The Department of Defense has been flying drones for years, but they’re certainly not the only part of the U.S. government to use them. The Department of Interior in particular has been using large 3DR Solo and fixed-wing vertical takeoff and landing drones extensively — for various types of data collection, land management and emergency response missions. DOI started exploring the unmanned aerial systems in 2004 when it used a drone to get data during a Mount St. Helens volcanic event, then evaluated broader use of the technology and launched operational test missions in 2010. Today DOI is second only to Department of Transportation in scope of UAS activity, with 12,000 flights in 2017.

DOI categorizes the missions it uses drones for by what they call the 4 S’s:

sensing (science),

safety (reducing risk to life, limb, or property),

service (delivering superior benefits), and

savings (missions involving drones require less time and fewer resources).

These categories are a useful way for agencies and organizations to categorize their drone activities and measure return on investment accordingly. This is particularly important for organizations considering innovation through drones, so that they can justify the investment. Consider each category:

1. Sensing: Drones can be used to remotely measure countless metrics, depending on the sensors and other equipment onboard. For example, bridge inspection: The right drone can assess corrosion or weakened parts of the deck, substructure, superstructure, and supports as well as identify cracks in concrete, using multiple cameras and sensors to capture different types of data.

· ROI can easily be measured by comparing the quantity of data collected and speed of collection with drones versus through traditional data collection techniques (by people and/or stationary equipment).

2. Safety: Drones add value in industries or fields where they can replace humans in dangerous jobs. Emergency response is a key area: Using drones for search and rescue in difficult terrain, for example, or responding to wildfires, hurricanes and other natural disasters. Police also use drones to track dangerous criminals or investigate unpredictable crime scenes in a safe manner. Beyond law enforcement uses, drones used for infrastructure inspections in hard-to-reach or hazardous places can reduce or eliminate the need for risk to life and limb.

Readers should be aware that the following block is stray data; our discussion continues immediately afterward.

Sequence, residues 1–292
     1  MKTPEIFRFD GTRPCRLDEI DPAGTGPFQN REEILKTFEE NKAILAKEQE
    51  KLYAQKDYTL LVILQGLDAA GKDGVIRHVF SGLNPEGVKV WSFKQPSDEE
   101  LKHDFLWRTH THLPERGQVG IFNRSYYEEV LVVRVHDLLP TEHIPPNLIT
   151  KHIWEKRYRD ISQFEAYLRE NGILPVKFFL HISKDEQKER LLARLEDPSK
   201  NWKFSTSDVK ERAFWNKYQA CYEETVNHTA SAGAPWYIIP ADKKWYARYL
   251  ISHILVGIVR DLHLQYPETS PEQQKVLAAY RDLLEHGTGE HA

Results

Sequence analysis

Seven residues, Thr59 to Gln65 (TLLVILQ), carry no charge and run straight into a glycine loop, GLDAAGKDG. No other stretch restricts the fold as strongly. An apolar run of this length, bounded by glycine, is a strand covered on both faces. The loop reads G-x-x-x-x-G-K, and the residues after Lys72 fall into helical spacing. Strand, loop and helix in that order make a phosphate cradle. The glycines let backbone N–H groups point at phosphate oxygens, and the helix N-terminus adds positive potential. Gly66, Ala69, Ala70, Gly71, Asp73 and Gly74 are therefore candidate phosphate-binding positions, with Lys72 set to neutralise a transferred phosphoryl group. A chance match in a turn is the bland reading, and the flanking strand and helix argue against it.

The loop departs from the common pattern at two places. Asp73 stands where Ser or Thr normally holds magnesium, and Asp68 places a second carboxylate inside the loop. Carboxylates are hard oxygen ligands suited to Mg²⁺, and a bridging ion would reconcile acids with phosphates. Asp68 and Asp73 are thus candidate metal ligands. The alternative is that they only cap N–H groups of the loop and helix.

· ROI can be measured by comparing casualties when drones vs. humans carry out a specific mission.

3. Service: This category includes delivering better or more data, especially to provide additional or higher-quality services. Drones can provide value by collecting different types of data and/or data that couldn’t be accessed by other means. As an example, drones enable DOI to carry out wildfire response at night, while helicopters can only operate eight hours a day. This extended window for surveillance and operations is critical for work that is time-sensitive, giving responders a much better chance of containing wildfires.

· ROI can be measured by the effectiveness of a program to achieve a mission that depends on information collected. This new technology can also create new services, meaning that the effectiveness of an organization has increased as well.

4. Savings: Drones can save time, money and other resources in many industries. DOI reports that their missions using drones generally require only 1/7th the time of other missions and require 1/10th the resources — what other tool can have impact of that magnitude? In certain industries, the drones themselves can replace more expensive equipment. One area not to forget is the opportunity to collaborate with partners, leveraging shared resources and research to multiply the savings from a drone program.

· ROI is easy to measure in terms of savings by simply comparing time required and resources expended with drones versus without.

Sensing, safety, service and savings can help organizations in many industries categorize and measure the ROI of their drone programs. Even better, these categories can be assessed before launching a drone program to help determine the goals and expected benefits. Other categories can be added or altered; DOI is even considering adding two S’s, sustainment and STEAM (science, technology, engineering, arts and math), to represent new areas in which they’re beginning to use drones. Determine the metrics that tell the story of your drone program, and measure and report accordingly.

Dawn Stevenson is a senior consultant at Evans Incorporated and a member of PropelUAS, a division of Evans Incorporated. To contact her, email dstevenson@evansincorporated.com.